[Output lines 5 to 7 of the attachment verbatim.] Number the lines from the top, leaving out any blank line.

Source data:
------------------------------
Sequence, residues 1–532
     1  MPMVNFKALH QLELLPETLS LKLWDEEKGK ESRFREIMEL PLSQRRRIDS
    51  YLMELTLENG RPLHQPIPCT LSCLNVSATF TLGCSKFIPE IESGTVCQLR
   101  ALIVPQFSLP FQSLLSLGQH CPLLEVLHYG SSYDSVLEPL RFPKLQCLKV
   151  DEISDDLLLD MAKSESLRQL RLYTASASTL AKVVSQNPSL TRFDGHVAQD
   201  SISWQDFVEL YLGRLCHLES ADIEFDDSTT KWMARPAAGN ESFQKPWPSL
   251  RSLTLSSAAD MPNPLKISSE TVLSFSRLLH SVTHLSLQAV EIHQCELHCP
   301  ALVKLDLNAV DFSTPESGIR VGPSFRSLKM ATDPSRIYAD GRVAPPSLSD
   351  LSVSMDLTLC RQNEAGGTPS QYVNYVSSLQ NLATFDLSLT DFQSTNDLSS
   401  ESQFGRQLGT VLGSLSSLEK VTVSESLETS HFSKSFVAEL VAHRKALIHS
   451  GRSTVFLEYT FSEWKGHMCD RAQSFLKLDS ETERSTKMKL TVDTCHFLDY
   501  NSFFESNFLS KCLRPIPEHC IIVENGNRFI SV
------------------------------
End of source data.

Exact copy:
   151  DEISDDLLLD MAKSESLRQL RLYTASASTL AKVVSQNPSL TRFDGHVAQD
   201  SISWQDFVEL YLGRLCHLES ADIEFDDSTT KWMARPAAGN ESFQKPWPSL
   251  RSLTLSSAAD MPNPLKISSE TVLSFSRLLH SVTHLSLQAV EIHQCELHCP